(a)

ently, when the Curie temperature of the 2:14:1 hard phase is reached, a greater magnetization in the case of the (A) sample results. From these results, and considering a decreased number of a-Fe peaks for B samples on X-ray patterns, we conclude that the procedure of obtaining strips by casting the molten alloyed components decreases a-Fe formation. In this case, we assume that the temperature at which grain nucleation occurs during solidi®cation of the strips on the rotating disk, is close to the peritectic temperature for 2:14:1 formation. Fig. 3 shows the hysteresis curves of Nd8 Fe73 Co5 Hf 2 B12 strips A and B in a maximum applied ®eld of 1.6 T. Coercivity as large as i Hc ˆ 813 kA=m (and i Hc ˆ 947 kA=m at 2.8 T applied ®eld) is obtained for B samples, a coercivity unusually large for sub-stoichiometric Nd2 Fe14 B alloys. We suggest that the remaining amorphous phase detected by XRD and DSC (Fig. 2) contributes to the coercive force through domain wall pinning. Remanence, Mr , and maximum energy product, …BH †max , are certainly limited by the relatively small applied magnetic ®eld: l0 Mr ˆ 0:5 T, …BH †max ˆ 107 kJ=m3 . By comparison, the magnetic properties of the A samples obtained by annealing 5 min at 700°C are l0 Mr ˆ 0:52 T, …BH †max ˆ i Hc ˆ 513 kA=m, 63 kJ=m3 . Fig. 3(a) shows the change of the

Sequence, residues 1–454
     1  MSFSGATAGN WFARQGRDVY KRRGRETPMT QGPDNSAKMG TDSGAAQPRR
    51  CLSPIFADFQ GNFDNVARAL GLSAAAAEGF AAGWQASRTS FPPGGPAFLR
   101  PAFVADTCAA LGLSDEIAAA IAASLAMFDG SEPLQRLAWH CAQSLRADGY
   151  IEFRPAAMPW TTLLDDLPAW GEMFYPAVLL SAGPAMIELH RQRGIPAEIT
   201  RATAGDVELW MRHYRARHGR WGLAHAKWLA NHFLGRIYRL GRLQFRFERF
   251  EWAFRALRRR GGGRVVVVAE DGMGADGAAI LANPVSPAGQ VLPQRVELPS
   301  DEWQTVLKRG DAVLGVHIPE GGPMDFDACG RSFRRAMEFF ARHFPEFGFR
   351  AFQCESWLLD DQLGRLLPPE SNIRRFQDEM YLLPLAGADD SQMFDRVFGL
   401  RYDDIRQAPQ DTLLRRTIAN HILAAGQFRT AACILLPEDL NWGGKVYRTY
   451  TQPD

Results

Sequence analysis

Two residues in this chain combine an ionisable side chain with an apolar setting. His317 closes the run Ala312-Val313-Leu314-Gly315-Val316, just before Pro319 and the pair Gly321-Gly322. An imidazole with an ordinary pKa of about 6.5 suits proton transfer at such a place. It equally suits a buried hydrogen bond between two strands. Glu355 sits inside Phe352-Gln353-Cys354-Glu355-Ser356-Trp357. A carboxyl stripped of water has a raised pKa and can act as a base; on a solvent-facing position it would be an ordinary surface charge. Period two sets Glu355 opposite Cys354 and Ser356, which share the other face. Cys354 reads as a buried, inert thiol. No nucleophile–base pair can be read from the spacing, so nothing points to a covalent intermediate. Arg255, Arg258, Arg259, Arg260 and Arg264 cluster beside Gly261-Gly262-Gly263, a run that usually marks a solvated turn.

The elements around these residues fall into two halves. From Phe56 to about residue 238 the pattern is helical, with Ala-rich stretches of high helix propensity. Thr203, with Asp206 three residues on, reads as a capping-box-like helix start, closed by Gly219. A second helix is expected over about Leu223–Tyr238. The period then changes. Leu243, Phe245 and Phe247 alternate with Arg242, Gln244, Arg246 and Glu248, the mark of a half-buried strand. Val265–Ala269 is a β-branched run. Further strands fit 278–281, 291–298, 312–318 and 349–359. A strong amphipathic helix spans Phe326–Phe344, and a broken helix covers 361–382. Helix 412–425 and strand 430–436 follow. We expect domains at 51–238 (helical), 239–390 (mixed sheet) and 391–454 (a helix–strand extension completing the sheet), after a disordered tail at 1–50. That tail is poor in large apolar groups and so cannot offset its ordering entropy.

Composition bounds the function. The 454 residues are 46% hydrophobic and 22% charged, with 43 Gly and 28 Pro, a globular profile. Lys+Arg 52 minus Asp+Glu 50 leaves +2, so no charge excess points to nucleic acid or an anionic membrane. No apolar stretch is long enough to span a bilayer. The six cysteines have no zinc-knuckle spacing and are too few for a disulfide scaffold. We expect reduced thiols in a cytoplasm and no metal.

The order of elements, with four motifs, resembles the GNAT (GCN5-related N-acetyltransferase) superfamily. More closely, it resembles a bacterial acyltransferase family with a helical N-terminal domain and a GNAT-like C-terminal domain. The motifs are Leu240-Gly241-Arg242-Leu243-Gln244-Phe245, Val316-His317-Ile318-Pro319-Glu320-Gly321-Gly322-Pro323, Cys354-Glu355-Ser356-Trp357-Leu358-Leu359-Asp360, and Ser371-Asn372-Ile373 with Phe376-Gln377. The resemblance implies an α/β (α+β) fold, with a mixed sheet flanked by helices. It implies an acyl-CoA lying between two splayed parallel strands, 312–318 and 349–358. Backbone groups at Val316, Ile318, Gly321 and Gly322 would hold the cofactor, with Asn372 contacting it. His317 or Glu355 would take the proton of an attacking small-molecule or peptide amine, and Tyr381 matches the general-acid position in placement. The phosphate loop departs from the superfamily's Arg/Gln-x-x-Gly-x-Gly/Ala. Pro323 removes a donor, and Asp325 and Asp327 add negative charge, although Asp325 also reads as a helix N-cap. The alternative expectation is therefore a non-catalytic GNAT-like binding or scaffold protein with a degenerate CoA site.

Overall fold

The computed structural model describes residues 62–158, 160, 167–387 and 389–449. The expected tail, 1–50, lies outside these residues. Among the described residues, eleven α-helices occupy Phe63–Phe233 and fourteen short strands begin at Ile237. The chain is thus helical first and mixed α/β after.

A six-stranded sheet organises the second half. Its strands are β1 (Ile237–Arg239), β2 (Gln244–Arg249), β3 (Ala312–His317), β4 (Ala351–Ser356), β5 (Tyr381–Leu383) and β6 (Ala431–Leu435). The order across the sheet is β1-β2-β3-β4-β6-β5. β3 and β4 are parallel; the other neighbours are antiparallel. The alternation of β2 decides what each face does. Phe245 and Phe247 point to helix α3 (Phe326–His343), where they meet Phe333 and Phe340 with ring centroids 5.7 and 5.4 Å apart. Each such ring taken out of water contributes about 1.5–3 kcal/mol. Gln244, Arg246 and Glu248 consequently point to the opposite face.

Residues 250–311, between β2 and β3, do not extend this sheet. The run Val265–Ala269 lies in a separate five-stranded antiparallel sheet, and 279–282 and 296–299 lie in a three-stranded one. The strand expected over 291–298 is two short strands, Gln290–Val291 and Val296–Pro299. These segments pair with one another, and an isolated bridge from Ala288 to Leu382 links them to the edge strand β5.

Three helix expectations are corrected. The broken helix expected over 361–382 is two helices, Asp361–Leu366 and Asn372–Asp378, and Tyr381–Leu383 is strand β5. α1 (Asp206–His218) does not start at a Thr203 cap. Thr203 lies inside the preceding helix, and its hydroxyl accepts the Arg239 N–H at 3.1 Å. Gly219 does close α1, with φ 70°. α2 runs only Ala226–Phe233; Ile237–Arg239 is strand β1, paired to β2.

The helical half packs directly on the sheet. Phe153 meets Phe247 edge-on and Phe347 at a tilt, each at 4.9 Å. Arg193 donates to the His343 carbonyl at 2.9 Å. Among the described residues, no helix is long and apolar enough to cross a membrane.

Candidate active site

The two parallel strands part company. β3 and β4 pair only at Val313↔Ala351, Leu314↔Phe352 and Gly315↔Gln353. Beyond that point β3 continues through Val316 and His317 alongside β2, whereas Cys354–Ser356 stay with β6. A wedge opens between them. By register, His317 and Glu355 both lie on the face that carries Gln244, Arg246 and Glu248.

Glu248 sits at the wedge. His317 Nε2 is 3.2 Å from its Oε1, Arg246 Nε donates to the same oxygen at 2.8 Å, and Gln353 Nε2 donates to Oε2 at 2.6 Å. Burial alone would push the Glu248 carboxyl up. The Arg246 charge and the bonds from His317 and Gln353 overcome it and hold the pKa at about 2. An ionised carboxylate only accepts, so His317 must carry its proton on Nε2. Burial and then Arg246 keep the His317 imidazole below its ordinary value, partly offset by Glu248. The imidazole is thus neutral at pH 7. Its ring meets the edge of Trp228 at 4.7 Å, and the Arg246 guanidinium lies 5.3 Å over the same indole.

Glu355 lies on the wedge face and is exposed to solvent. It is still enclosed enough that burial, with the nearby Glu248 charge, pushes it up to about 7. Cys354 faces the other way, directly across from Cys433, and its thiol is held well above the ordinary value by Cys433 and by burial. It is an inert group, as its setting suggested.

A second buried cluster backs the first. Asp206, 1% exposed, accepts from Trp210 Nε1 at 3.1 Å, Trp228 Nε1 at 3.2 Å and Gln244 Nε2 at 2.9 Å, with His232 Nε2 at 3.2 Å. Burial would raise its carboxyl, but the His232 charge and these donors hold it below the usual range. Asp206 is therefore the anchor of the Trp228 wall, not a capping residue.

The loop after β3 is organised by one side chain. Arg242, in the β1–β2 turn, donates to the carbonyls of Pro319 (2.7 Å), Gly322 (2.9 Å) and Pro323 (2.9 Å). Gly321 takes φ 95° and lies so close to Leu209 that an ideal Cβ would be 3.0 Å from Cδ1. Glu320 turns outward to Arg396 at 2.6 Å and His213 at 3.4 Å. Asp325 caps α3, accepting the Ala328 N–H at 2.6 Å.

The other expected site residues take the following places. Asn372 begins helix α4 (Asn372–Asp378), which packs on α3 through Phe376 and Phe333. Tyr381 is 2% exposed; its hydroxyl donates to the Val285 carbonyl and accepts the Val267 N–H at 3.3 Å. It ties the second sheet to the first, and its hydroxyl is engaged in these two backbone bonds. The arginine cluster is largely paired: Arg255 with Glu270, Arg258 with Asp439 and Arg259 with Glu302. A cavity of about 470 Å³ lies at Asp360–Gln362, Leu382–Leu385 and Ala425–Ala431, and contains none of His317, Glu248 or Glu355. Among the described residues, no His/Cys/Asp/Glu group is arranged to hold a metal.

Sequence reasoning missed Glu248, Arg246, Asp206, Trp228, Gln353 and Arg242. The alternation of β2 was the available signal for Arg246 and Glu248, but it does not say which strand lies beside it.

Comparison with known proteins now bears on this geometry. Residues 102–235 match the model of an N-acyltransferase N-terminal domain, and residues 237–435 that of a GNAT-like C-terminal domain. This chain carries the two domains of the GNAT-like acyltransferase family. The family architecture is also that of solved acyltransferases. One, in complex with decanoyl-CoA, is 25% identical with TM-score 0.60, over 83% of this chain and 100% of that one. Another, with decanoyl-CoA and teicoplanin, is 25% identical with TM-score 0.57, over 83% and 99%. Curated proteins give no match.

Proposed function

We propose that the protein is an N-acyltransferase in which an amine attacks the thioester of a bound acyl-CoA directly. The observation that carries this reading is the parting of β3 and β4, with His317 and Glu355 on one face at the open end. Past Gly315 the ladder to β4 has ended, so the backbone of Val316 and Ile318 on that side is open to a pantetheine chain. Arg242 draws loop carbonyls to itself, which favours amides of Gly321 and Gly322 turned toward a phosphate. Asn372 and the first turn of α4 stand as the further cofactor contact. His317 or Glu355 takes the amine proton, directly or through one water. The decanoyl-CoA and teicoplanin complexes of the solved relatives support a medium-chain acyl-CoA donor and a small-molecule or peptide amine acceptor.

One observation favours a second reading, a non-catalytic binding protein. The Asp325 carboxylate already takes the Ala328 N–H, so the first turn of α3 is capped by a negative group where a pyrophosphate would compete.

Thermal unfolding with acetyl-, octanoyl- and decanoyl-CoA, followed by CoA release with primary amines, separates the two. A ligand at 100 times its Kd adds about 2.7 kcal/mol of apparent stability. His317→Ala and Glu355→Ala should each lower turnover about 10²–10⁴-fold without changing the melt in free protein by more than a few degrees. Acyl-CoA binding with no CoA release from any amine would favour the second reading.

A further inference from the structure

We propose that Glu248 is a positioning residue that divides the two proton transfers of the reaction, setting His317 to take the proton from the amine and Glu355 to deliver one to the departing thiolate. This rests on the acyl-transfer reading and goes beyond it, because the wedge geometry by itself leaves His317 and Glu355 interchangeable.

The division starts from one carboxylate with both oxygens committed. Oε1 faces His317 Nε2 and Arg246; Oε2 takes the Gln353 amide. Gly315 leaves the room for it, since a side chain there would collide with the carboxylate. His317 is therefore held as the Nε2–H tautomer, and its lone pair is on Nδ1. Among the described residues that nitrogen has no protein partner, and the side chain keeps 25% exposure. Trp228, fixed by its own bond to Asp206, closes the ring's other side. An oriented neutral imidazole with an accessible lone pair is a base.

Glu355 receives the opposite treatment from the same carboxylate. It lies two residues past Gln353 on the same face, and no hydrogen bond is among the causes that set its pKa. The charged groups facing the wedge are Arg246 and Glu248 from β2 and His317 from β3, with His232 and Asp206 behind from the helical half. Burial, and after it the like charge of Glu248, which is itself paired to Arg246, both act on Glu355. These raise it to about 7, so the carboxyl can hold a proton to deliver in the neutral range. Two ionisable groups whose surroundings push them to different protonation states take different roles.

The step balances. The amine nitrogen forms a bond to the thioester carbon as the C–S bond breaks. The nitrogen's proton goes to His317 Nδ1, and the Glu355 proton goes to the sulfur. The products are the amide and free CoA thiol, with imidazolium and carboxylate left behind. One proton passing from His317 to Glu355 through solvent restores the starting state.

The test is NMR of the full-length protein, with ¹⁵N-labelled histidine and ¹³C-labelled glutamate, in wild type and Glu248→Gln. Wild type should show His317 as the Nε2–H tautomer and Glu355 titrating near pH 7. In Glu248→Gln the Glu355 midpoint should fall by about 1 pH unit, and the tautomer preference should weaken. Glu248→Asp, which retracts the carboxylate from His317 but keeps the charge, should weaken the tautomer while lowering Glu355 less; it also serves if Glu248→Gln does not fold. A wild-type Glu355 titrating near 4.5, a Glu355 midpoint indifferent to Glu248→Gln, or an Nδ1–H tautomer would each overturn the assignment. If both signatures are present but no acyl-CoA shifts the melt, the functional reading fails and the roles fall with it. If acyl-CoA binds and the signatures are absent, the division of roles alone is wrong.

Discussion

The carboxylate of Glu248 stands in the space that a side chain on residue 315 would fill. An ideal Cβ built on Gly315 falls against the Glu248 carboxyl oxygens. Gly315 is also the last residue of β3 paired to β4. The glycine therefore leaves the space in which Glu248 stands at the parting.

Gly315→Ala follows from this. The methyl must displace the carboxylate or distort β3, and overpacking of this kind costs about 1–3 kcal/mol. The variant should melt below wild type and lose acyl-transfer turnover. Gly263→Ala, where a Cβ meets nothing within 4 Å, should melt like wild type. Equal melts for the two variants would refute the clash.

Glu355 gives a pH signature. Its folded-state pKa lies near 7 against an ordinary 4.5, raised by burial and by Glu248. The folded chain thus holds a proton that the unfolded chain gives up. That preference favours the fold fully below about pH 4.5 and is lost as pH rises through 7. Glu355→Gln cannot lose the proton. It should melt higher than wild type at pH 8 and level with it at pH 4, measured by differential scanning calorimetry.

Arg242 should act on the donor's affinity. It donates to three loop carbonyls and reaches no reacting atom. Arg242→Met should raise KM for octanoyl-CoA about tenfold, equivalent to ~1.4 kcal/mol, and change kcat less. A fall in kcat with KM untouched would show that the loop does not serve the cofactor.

(b) Fig. 3. Comparison between the hysteresis curves of Nd8 Fe73 Co5 Hf 2 B12 (A) and (B) type of strips.

H. Chiriac, M. Marinescu / Journal of Non-Crystalline Solids 287 (2001) 140±144

hysteresis with the annealing conditions of the Nd8 Fe73 Co5 Hf 2 B12 strips obtained from the ingot cast by arc-melting. To have an insight into the intrinsic interactions between the grains that determine the magnetic properties at a macroscopic level, we made M plots that carry the qualitative information on the magnetizing type (exchange) or demagnetizing type (dipolar) of interactions between the grains [9] dM ˆ Md …H †=Mr …Hmax †

‰1

2 Mr …H †=Mr …Hmax †Š;